In the developing and sensitive relationship between the United States and Saudi Arabia, the government in each country has to play to two conflicting constituencies.
For the US, those two constituencies are the moderate Arab world on the one hand and, on the other, Israel and the powerful pro-Israel lobby in American domestic politics.
The US found itself once again torn between these two demands as the United Nations Security Council went into session Jan. 5 to consider what to do about Israel's refusal to rescind its legislation effectively annexing the Israeli-occupied Syrian Golan Heights.
For Saudi Arabia, the conflict arises when it tries to woo US official and public opinion and, at the same time, seeks to bring hard-line Arab governments into a united front behind Saudi policy - or on an agreed negotiating position in the search for an overall Arab-Israeli settlement.
The Saudi dilemma has been spotlighted this week by the zigzag that Saudi officialdom has taken in the wake of an interview given by Saudi Foreign Minister Prince Saud, clearly directed at reassuring the Saudis' American constituency.
Saudi backing and filling has two immediate consequences in Israel. First, it gives the Israeli government grounds for saying that there is so much equivocation in the Saudi position that Israelis remain unconvinced that the ultimate Saudi aim is no longer the destruction of the state of Israel. It also provides an opening for Israelis to try to wreck the US-Saudi relationship, seen by Prime Minister Menachem Begin's government as the single greatest threat developing in the Arab world against Israel.
Prince Saud was quoted in the New York Times Jan. 3 as having spelled out for the first time Saudi Arabia's terms for the acceptance of Israel. The prince obviously had his eye on the US as he spoke - and on the need to persuade the Reagan administration to be as pro-Arab as possible in this week's Security Council debate on Israeli action over the Golan Heights.
The relevant paragraph in the report on the interview read in part:
''The Saudi foreign minister said . . . that in return for Israeli recognition of Palestinian rights and the return of occupied Arab lands, his government was prepared to 'accept it' - referring to Israel.''
Twenty-four hours after publication of the interview, the state-run radio in the Saudi capital, Riyadh, was quoting a Saudi Foreign Ministry spokesman as saying:
''There is absolutely no truth in what has been attributed to . . . Prince Saud about the kingdom's recognition of Israel. What . . . Prince Saud said with regard to recognition was in essence a reference to the requirement that Israel recognize the rights of the Palestinian people to return to their land, to self-determination, and to the establishment of their independent state with Jerusalem as its capital.''
The spokesman was quoted further as saying that ''peace can prevail in the region'' once these conditions were met.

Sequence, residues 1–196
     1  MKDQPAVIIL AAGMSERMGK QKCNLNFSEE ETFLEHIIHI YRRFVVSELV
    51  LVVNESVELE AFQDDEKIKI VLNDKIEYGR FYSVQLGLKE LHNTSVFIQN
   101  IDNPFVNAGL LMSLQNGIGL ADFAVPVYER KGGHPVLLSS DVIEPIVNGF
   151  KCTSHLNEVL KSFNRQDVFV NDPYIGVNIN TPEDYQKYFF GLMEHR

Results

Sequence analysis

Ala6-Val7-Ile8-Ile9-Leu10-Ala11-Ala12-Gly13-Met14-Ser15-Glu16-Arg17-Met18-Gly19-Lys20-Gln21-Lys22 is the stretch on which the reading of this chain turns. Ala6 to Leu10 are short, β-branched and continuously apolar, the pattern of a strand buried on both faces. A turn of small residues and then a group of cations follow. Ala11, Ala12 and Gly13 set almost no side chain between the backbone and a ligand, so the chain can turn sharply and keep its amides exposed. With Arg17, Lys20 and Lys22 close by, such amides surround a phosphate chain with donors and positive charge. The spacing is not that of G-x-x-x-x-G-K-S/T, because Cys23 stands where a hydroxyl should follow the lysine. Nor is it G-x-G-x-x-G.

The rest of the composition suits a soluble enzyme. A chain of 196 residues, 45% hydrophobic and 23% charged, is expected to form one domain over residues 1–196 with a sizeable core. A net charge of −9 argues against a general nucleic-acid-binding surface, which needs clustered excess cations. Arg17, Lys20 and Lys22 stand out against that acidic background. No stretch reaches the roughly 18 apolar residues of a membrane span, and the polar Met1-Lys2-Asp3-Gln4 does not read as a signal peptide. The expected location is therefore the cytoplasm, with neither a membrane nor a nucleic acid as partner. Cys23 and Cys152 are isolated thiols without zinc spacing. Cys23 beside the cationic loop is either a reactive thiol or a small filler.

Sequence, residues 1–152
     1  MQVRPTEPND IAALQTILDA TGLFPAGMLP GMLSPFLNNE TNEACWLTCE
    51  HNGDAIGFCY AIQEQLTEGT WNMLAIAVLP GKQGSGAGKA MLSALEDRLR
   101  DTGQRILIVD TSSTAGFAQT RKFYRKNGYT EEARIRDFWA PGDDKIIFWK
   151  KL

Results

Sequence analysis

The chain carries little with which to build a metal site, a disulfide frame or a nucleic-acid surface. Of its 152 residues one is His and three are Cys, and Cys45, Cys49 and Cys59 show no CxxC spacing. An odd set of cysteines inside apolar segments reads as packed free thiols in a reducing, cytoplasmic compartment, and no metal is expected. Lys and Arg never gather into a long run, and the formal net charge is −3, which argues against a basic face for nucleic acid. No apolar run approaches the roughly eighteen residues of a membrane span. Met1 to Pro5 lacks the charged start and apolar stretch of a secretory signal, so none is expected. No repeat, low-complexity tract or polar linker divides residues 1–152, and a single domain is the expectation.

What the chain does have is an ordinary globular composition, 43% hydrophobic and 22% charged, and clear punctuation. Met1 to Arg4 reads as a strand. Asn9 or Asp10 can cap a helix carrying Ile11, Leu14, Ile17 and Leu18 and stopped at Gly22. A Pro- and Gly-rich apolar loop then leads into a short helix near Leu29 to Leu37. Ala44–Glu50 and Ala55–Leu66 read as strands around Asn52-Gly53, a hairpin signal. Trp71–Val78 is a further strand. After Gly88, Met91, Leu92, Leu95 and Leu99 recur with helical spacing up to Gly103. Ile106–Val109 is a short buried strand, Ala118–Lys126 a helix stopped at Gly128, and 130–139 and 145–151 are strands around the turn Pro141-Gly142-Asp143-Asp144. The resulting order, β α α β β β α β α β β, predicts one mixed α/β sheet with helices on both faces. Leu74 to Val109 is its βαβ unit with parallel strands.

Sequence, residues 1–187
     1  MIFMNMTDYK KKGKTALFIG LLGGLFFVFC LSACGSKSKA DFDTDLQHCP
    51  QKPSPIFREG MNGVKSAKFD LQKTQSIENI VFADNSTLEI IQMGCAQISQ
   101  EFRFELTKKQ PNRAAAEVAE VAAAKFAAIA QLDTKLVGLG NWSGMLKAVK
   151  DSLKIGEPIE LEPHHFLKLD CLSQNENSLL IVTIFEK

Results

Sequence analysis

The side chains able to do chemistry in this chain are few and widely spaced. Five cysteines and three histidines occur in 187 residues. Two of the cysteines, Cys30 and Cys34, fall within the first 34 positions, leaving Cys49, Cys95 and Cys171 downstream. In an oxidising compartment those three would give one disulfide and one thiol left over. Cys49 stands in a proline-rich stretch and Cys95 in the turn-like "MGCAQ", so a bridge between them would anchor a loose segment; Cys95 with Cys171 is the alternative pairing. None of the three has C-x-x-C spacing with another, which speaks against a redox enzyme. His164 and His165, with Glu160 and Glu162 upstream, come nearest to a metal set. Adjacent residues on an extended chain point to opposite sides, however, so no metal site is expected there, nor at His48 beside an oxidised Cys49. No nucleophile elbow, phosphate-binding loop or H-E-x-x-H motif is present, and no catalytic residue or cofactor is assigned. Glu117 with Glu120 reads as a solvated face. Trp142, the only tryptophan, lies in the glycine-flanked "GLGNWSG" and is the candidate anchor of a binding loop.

But these conditions - which Saudi partisans might argue is an extreme opening position for eventual negotiation - have repeatedly been rejected out of hand by the Begin government in Israel.
In Israel, there was no offical comment on the Saudi zigzag. But privately Israeli officials said statement and then disavowal were part of an established Saudi pattern.
Whether or not the broadcast over Riyadh radio was in fact disavowal, the Saudi Foreign Ministry spokesman was clearly addressing his government's Arab (as opposed to US) constituency.
The Saudi government cannot afford to let itself appear in the Arab world too ''soft'' toward either Israel or the US at the very moment when Israel has effectively annexed Golan; the US may be preparing to veto or block any UN Security Council move to impose punitive sanctions on Israel; and bridges are being mended in a surprising effort to restore a united Arab front of moderates and hard-liners.
(At time of writing, Arab League and Saudi leaders were meeting in Riyadh to discuss the possibility of an Arab summit conference to discuss the Israeli annexation of the Golan Heights, according to the official Saudi press agency.)
In late December, there was reconciliation between hard-line Syria and Saudi Arabia, with Syrian President Hafez Assad visiting Riyadh less than a month after he had offended the Saudis by helping torpedo their Middle East peace plan at the Arab summit in Morocco.
With Saudi blessing, Mr. Assad is preparing to visit the hard-line states of Algeria and Libya to try to bring them into a broader unified Arab fold. At the same time, the Saudis have encouraged Mr. Assad to ensure that King Hussein of Jordan, a moderate rather than a hard-liner, is not alienated by being overlooked. And in another conciliatory gesture, Saudi Interior Minister Prince Nayif has recently visited hard-line Iraq.
This is the context within which Riyadh radio's apparent disclaimer about the Prince Saud interview should be seen.